Farewell, Mr. Gates

Today Bill Gates officially retires from Microsoft. As much as we might like to hate his policies, without him I doubt our industry would be what it is today. He took the power out of the hands of IBM and put it into the hands of everyday consumers. He amassed a great fortune, and it looks like he’ll be using the rest of his life to spend it, mainly on charitable causes. By doing so he has created an example for others, like Warren Buffett. I wish him well.

The first piece of computer software I ever bought was published by Microsoft. It was the “Colossal Cave Adventure” for the TRS-80.

A picture of me yoinked from my high school yearbook

The TRS-80 was my first computer. I got it for Christmas 1978 when I was 12 years old. It had 4K of RAM and a black and white screen. By April of 1979 I had upgraded it to 48K of RAM (the other 16K of addressable memory was in ROM) and added two 80K floppy drives. That system ran “TRS-DOS” which shared a lot of similarities for what would become MS-DOS.

Now, back then most software was “open” in some sense. Most programs for the TRS-80 were written in BASIC, which is an interpreted language so it was not possible to hide the code. We didn’t have the Internet back then, so my main contact with others was through magazines, such as Creative Computing and Kilobaud. They would often publish program listings that I would stay up late typing in and modifying. Of course I’d make mistakes, but that would help me learn to troubleshoot code.

My Dad was working for General Electric at the time, and I sometimes got to play on their PDP 8. It ran FORTRAN, but it was similar enough to BASIC that it was easy to pick up. In 1982 he bought one of the first IBM PCs: CGA monitor, dual floppies, 256K soldered to the motherboard.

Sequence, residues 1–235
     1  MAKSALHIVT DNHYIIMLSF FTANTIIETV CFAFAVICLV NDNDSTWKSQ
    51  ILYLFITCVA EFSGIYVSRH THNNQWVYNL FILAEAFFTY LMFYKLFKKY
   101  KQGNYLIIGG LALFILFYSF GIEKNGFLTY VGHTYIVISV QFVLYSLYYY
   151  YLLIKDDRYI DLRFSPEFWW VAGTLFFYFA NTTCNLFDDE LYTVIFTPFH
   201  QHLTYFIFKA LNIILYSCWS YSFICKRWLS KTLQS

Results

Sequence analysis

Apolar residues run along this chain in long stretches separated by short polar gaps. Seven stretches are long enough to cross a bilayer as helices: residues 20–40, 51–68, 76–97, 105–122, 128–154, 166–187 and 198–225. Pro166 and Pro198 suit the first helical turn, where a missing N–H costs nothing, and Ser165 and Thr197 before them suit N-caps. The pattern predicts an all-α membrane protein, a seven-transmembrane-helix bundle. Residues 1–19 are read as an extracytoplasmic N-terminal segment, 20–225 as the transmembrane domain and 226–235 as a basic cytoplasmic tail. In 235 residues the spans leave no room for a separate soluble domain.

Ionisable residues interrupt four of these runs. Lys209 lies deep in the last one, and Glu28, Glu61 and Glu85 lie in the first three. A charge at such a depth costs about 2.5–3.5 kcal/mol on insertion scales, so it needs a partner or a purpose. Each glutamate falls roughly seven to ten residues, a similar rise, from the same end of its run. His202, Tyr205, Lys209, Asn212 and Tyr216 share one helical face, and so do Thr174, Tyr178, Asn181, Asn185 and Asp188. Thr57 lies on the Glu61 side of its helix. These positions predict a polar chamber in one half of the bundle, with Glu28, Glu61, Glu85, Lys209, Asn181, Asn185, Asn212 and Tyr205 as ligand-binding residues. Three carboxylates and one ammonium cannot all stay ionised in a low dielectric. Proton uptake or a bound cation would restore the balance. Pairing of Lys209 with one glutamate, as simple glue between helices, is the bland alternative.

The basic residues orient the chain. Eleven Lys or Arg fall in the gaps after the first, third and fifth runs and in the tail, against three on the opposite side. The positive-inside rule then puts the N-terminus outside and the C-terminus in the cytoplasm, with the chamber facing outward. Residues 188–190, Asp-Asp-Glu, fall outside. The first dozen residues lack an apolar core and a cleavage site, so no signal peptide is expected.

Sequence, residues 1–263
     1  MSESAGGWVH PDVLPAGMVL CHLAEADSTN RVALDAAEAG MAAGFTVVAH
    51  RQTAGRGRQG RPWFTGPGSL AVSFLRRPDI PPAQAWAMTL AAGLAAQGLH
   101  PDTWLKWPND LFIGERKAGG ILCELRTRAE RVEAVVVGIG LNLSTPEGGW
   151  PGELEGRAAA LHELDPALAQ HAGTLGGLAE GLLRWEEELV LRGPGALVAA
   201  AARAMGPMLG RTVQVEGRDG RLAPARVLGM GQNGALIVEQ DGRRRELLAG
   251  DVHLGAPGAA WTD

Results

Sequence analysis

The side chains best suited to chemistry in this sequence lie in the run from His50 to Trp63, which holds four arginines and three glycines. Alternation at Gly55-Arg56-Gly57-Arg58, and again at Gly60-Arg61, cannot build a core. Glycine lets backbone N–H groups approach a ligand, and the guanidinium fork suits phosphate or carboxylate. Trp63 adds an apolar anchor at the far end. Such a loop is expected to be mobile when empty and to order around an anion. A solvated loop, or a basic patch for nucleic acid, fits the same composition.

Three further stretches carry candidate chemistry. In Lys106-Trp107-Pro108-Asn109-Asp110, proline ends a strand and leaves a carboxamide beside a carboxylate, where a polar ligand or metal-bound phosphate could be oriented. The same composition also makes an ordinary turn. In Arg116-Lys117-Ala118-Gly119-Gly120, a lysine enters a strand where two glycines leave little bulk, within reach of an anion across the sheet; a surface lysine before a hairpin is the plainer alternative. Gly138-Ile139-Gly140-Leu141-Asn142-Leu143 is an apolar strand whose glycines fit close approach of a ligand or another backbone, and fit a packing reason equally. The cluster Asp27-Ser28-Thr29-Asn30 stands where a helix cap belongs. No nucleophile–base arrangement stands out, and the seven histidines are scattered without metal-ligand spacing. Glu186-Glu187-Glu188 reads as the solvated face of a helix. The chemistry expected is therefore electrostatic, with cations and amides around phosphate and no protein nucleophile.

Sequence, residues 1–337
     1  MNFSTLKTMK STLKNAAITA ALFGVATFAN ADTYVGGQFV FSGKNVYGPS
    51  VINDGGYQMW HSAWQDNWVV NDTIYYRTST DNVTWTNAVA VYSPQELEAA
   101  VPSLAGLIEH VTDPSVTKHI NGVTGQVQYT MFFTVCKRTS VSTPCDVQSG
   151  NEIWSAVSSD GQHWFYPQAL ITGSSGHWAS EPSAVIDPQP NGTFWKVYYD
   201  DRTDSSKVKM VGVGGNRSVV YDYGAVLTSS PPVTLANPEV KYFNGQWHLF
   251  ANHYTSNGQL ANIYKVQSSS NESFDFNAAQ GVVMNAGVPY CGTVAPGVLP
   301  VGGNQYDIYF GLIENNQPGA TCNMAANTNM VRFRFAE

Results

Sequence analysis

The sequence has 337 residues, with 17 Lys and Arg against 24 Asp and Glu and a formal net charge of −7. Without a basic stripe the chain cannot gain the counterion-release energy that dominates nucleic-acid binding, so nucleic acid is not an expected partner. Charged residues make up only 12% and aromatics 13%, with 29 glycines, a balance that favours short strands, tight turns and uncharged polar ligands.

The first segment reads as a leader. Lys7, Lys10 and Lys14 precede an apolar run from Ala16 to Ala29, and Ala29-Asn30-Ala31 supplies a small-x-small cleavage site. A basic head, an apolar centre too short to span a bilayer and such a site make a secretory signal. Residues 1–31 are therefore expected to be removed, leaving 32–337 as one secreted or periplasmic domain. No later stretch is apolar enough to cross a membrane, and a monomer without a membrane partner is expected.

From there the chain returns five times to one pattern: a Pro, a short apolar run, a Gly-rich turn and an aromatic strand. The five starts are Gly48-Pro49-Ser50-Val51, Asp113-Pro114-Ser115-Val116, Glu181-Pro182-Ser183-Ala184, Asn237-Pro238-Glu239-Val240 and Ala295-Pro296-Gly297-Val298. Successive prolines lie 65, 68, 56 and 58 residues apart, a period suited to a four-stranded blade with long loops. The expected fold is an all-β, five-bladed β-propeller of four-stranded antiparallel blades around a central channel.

Also in 1982 I went off to high school. They had a VAX, and so I was introduced to the concept of multiuser systems. We had e-mail and shared space were we could put up documents – sort of a precursor to the web.

In 1984 I went off to California to attend Harvey Mudd College, one of the many colleges I eventually was asked to leave (I’ve been kicked out of some of the finest schools in the country). There I met my first VAX running UNIX (Berkeley I believe) and experienced the Internet for the first time (as well as wasting hours playing rogue).

When I eventually returned to North Carolina in 1986 I didn’t have a computer, but a friend had bought one of those fancy “Macintosh” computers. It was pretty cool, but I couldn’t afford one so I used a PC. Several friends of mine from Mudd had gone off to work for this company called Microsoft outside of Seattle. They would send me software, including a Paint program launched on a system called Windows (version 1.0). It really didn’t compare to, say, MacPaint on the Mac, but little did I know how it would catch on. I also got Windows version 2 and eventually 3.0. I could run an app called Procomm that would let me use a modem to communicate with other systems.